ASCO GU 2022: A Phase I/II Study of Nivolumab and Axitinib in Patients With Advanced Renal Cell Carcinoma

(UroToday.com) The 2022 GU ASCO Annual meeting included a renal cell carcinoma (RCC) session featuring work from Dr. Matthew Zibelman and colleagues presenting results of a phase I/II study of nivolumab and axitinib in patients with advanced RCC. Combination systemic therapy with tyrosine kinase inhibitors (TKIs) and an immune checkpoint inhibitor (IO) are an established standard of care for patients with metastatic RCC. This trial was performed to investigate the safety and efficacy of combining the TKI axitinib with the IO agent nivolumab.

 This phase I/II study investigated the combination of axitinib and nivolumab in an initial dose finding phase I portion with a 3+3 design to determine the recommended phase 2 dose (RP2D) of axitinib. The phase II portion included 2 parallel arms: treatment naïve metastatic RCC patients and metastatic RCC patients previously treated with TKIs alone or IO/IO combination (NCT03172754). This report focuses on results from the treatment naïve arm only. Included patients had to have histology with any clear cell component, ECOG performance status of 0-1, no known or symptomatic brain metastases, and no history of autoimmune disease. The RP2D of axitinib was 5 mg BID from the phase I portion and patients could be treated for up to 2 years. The primary endpoint of the phase II portion was objective response rate (ORR) per investigator assessment. The trial schema for this study is as follows:

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There were 44 patients accrued to the treatment naïve arm. One withdrew consent and was replaced but is included in the safety analysis, while 42 patients are evaluable for efficacy. The median age was 65 years (IQR 56-72 years) and the group was predominantly male (84.1%) and white (95.5%). Using the IMDC risk group grading, 18 patients (40.9%) were favorable risk, 23 patients (52.3%) were intermediate risk and 3 patients (6.8%) were poor risk. As follows is a summary of the baseline characteristics:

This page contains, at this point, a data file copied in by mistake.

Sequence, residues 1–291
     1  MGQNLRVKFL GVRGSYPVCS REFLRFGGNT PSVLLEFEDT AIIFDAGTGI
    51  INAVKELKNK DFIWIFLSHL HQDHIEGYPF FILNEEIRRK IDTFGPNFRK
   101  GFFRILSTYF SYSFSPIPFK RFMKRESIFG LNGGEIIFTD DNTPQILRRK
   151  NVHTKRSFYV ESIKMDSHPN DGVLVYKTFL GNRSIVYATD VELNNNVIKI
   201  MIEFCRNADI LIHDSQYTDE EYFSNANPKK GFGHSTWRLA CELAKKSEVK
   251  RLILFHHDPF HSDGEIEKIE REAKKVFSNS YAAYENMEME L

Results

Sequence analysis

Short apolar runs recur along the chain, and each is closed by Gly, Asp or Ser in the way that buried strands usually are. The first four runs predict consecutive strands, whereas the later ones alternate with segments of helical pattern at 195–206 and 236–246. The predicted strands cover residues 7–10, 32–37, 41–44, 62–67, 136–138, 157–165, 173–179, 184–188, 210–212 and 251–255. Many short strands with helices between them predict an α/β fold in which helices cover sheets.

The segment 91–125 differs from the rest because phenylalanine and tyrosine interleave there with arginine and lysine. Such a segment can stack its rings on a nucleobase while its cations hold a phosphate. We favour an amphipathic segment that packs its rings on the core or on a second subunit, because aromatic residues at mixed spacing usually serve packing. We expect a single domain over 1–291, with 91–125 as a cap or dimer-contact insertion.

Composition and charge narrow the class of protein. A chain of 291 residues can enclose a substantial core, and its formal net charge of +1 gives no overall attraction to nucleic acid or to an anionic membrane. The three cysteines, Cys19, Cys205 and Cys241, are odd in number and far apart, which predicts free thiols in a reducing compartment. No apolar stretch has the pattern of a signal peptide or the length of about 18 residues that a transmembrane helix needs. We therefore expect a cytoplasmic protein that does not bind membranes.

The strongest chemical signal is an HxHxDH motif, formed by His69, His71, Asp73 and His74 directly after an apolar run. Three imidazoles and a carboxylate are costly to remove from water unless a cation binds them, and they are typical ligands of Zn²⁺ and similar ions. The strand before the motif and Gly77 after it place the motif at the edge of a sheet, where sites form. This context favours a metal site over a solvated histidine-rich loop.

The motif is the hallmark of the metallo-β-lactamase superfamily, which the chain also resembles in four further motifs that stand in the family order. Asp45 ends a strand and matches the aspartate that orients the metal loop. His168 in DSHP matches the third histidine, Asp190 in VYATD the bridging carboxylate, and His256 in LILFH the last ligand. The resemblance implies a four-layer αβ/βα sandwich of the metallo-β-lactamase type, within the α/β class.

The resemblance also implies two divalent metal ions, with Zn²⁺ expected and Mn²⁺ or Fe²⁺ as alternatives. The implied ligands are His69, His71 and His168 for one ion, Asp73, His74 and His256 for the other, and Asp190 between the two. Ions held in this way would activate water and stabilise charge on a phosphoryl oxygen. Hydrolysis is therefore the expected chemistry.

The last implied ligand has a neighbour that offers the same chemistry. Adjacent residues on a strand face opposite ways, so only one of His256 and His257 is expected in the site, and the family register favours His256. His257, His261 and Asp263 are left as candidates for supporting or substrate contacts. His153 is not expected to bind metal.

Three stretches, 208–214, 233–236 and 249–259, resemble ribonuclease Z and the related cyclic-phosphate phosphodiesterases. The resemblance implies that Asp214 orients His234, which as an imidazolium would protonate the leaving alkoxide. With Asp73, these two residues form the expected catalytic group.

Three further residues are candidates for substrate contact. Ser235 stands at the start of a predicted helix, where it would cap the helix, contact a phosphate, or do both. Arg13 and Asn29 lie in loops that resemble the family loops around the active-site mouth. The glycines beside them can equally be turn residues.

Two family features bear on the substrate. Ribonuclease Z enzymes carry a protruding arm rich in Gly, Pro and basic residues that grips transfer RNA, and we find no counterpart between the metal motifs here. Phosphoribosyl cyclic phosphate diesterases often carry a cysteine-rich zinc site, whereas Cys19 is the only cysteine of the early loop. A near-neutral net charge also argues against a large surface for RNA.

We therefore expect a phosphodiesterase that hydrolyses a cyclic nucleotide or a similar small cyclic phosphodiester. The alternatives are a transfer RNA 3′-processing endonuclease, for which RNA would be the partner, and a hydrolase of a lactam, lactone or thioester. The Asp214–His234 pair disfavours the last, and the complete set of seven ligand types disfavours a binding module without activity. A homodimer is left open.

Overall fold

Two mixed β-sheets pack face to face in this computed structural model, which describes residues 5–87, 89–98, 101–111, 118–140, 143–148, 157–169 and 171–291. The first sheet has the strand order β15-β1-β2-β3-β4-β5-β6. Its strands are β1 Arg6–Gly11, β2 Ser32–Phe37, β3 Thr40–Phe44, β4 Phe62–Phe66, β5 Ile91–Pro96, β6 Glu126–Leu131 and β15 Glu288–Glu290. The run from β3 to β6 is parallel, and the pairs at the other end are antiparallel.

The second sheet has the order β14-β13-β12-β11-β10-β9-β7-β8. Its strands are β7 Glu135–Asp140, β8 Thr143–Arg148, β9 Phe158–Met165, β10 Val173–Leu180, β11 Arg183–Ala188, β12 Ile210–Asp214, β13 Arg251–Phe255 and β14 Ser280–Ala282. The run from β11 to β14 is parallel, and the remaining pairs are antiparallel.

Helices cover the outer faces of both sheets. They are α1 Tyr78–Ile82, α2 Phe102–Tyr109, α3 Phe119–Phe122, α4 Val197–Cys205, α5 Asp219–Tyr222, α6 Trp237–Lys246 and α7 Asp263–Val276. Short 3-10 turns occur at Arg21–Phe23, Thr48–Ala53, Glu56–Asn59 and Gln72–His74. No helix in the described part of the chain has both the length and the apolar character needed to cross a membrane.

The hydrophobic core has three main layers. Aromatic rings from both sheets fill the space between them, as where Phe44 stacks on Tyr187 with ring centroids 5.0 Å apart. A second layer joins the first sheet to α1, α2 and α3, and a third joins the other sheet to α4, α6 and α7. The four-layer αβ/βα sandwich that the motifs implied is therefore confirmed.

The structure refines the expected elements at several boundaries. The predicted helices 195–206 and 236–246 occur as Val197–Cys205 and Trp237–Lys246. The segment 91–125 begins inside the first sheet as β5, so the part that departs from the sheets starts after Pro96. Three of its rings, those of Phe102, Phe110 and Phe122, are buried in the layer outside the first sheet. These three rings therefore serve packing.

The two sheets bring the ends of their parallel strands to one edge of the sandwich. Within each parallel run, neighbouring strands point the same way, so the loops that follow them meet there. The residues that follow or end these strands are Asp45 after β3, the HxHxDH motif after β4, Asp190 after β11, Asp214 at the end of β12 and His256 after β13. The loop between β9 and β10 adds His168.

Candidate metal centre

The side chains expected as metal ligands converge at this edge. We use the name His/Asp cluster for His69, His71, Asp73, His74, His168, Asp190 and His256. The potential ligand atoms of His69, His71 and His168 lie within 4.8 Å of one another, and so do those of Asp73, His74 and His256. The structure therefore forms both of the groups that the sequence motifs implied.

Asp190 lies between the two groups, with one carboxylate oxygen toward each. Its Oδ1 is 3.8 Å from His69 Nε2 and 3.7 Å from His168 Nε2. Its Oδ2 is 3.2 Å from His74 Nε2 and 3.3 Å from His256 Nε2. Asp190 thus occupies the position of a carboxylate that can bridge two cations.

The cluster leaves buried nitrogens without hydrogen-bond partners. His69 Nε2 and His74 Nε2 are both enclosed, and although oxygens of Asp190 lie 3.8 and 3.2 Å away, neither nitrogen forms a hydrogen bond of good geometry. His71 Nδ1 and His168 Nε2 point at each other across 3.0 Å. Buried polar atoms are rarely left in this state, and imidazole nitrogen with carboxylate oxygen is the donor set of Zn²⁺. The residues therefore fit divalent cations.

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The median follow-up was 11.5 months. Best response data is notable for an ORR of 59.5% (95% CI 43.3%-74.4%), with only 1 patient (2.4%) experiencing primary progressive disease, for a disease control rate of 97.6% (95% CI 87.4%-99.9%). The best response and change in tumor volume is as follows:

 

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Median progression free survival was 16.4 months (95% CI 10.2 - 21.2 months):

 

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Median overall survival (OS) was not reached; the OS rate at 12 months was 87.1% (95% CI 68.7%-95.1%):

 

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Adverse event data was similar to published data for IO/TKI combinations, with no grade 4-5 adverse events. There were 29 patients that experienced a grade 3 adverse event (70.7%), the most common of which was hypertension (41.5%), and 20.5% discontinued the study due to treatment-related toxicity.

 

Dr. Zibelman concluded this presentation of the phase I/II study of nivolumab and axitinib in patients with advanced RCC with the following take-home messages:

  • The combination of axitinib/nivolumab for treatment naïve patients with metastatic RCC demonstrated efficacy comparable to available IO/TKI combinations with a similar safety profile
  • Axitinib remains a well-tolerated VEGF TKI that pairs well with anti-PD1 targeted immune checkpoint blockade resulting in excellent clinical outcomes
  • Future follow-up will assess long-term outcomes in this cohort, as well as efficacy in the previously treated cohort (prior TKI or prior ipilimumab/nivolumab)

 

Presented By: Matthew R. Zibelman, MD, Fox Chase Cancer Center, Philadelphia, PA

Co-Authors: Michael Anthony Carducci, Yasser Ged, Ana M. Molina, Rahul Ravilla, David R. Shaffer, Courtney Lambert, Mahvish Tafseer, Rachel Basiura, Danielle Weismann, Rutika Kokate, Karthik Devarajan, Karen Ruth, R. Katherine Alpaugh, Fern Anari, Pooja Ghatalia, Daniel M. Geynisman, Elizabeth R. Plimack

Affiliations: Johns Hopkins Kimmel Cancer Ctr, Baltimore, MD, Johns Hopkins University, Baltimore, MD, Weill Cornell Medicine, New York, NY, Albany Medical Center, Albany, NY, Fox Chase Cancer Center, Temple University Health System, Philadelphia, PA

 

Written By: Zachary Klaassen, MD, MSc – Urologic Oncologist, Assistant Professor of Urology, Georgia Cancer Center, Augusta University/Medical College of Georgia, @zklaassen_md on Twitter during the 2022 American Society of Clinical Oncology Genitourinary (ASCO GU) Cancers Symposium, Thursday Feb 17 – Saturday Feb 19, 2022
 
 
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